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Jun 25 2012

Surely We Have Some Real Threat Assessment Experts in This Community

And I’d like to hear from them. Threat assessment isn’t a simple task for the layperson. Since Dr. Blackford decided he’s the world’s expert* and has deemed the communications Ophelia received to be “not threatening,” I got curious as to whether we’ve got folks who do threat assessment for a living. You see, I did quite a bit of (informal) study on forensic psychology when I was younger. And one thing I remember actual threat assessment experts** saying is that threats are context-dependent.

For instance, if someone says they’re going to shoot me in the head, make sure my brains splatter all over the sidewalk, and then pour gasoline over the remains and set fire to them, I might become upset – if, say, that was conveyed to a third party by someone who is obsessed with me. But that graphic explanation of what will happen to me would make me giggle if some friends and I were discussing the best method for handling me should I become a zombie. Context is key, people.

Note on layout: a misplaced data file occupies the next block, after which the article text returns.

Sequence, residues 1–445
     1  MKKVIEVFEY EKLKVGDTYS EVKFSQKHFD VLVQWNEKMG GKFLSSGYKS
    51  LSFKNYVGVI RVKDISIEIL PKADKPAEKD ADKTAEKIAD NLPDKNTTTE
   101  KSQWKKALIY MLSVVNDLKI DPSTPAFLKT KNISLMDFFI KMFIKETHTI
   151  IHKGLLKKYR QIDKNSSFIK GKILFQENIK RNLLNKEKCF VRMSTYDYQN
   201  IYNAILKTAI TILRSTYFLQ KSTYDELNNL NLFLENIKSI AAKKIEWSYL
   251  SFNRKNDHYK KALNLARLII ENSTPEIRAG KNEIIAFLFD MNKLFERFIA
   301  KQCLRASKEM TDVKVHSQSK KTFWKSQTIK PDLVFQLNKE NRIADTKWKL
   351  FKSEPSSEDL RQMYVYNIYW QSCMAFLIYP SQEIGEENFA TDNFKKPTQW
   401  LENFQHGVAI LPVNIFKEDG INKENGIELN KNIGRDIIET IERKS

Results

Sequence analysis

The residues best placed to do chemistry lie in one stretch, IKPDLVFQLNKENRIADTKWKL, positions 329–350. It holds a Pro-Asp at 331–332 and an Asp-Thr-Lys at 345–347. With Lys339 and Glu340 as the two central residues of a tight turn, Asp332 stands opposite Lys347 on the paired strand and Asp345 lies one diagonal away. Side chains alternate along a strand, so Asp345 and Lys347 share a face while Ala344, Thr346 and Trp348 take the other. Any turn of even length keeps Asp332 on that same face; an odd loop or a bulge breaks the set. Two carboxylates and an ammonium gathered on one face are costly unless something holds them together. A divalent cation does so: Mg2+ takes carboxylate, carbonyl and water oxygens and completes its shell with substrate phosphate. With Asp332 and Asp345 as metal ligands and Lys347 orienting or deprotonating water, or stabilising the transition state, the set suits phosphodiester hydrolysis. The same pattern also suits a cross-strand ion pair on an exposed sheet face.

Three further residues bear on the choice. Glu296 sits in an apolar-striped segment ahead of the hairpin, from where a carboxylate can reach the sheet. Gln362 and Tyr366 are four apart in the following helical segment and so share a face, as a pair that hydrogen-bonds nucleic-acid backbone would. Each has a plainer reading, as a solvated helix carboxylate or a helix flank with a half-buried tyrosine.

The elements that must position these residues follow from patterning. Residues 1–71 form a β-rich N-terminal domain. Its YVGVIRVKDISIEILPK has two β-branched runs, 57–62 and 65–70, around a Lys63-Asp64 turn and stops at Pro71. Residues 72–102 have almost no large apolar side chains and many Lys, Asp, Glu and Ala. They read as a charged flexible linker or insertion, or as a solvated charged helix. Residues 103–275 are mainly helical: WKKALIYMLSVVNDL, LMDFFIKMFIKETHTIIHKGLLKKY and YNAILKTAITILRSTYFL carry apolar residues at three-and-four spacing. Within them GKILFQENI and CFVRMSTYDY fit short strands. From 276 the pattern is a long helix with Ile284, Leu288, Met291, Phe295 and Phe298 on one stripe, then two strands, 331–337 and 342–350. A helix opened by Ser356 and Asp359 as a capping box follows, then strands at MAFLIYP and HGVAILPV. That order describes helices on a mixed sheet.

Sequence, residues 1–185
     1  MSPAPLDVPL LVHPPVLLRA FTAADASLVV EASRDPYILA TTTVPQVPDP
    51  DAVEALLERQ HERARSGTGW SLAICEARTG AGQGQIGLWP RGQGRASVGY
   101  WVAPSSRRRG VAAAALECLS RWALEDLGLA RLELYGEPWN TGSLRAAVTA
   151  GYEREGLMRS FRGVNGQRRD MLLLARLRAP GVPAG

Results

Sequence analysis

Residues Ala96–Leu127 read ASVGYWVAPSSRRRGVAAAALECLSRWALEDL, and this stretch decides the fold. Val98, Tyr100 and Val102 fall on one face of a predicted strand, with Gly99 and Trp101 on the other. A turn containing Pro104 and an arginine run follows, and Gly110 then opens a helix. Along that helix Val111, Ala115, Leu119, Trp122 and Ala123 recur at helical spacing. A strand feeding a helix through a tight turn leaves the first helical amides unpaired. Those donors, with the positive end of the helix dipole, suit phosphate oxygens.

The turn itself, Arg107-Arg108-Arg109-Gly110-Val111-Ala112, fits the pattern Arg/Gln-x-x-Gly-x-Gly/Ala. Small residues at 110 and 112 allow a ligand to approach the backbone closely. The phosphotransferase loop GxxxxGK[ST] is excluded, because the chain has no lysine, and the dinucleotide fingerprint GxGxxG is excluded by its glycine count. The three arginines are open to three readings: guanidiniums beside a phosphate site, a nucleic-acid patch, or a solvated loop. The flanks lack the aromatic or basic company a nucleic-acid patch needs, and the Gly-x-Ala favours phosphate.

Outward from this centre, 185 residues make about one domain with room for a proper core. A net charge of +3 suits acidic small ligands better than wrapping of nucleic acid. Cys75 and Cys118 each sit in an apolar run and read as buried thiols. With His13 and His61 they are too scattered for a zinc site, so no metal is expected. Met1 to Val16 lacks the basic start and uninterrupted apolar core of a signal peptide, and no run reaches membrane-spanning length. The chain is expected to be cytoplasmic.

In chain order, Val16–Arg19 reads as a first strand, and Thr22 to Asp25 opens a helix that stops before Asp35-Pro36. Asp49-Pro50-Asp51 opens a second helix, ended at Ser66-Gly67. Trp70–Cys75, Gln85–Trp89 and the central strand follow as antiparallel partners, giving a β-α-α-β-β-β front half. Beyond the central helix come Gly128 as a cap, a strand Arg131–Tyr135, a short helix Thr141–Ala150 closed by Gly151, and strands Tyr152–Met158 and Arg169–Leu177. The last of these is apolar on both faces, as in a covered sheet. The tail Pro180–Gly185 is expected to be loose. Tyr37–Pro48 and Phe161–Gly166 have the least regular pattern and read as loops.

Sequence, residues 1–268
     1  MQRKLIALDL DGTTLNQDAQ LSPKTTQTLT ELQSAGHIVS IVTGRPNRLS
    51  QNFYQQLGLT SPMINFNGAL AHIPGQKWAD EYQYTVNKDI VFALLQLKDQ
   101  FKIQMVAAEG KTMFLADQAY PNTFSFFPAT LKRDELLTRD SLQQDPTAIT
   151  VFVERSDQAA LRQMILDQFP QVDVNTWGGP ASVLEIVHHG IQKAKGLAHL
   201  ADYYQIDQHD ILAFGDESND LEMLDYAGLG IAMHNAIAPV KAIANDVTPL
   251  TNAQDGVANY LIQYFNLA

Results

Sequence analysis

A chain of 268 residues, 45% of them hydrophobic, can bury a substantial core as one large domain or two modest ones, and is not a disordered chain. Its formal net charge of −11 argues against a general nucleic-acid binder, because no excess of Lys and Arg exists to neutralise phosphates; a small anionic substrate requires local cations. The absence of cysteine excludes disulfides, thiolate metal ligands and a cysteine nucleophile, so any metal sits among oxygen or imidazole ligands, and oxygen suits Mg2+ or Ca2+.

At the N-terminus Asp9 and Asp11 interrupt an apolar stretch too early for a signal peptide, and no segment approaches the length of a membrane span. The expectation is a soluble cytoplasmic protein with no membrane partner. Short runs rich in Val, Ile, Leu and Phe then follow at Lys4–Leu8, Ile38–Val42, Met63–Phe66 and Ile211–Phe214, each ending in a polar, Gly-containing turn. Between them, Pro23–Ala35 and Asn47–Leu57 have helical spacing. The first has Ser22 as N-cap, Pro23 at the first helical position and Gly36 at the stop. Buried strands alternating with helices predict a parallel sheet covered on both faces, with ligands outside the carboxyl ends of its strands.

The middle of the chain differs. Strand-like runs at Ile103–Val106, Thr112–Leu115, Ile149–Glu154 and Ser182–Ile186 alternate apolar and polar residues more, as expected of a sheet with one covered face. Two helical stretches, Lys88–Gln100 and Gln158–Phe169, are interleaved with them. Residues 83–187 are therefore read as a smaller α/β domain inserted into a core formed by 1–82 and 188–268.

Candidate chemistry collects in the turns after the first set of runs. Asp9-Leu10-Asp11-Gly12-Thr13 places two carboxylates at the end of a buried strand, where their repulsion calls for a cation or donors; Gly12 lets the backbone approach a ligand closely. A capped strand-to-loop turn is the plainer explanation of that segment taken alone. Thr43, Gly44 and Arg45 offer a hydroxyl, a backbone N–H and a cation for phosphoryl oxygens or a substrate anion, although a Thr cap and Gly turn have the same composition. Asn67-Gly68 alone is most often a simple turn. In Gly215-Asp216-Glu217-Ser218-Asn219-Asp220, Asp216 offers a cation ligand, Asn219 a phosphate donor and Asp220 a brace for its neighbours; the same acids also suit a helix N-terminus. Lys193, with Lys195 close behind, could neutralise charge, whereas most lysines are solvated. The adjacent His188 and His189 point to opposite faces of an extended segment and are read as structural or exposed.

But context isn’t always so crystal-clear. We saw that with the communications Ophelia received. They can be read as either a) a veiled threat to harm, b) a paranoid fan trying to help Ophelia stay safe, c) a nasty mockery, or d) something we haven’t even considered. Yet the context surrounding them is over a year of threats, animosity, and hatred aimed at her and like-minded women. That vitriol had increased to a fever pitch just before she received those emails. I can tell you that in the context of what’s been going on in this community, if I had received those communications from a person unknown to me, and this came on top of doubts I’d already had about my safety and comfort in speaking at a conference, combined with reasonable doubt as to whether the president in charge of said conference would take concerns seriously, I’d not be inclined to read them in the most flattering light. I’d be pricing Kevlar, just in case.

And I wouldn’t be wrong to do so.

Not being an expert in threat assessment, I’d have to go with my own judgment and the advice of people I trust. If some of them advised me that things looked rather hinky, and this confirmed my own feelings on the matter, I’d quite probably decide that keeping my speaking engagement wasn’t worth the risk. And if I believed, at the time, that these were genuinely threatening communications, I’d mention this fact when announcing that I was breaking the engagement.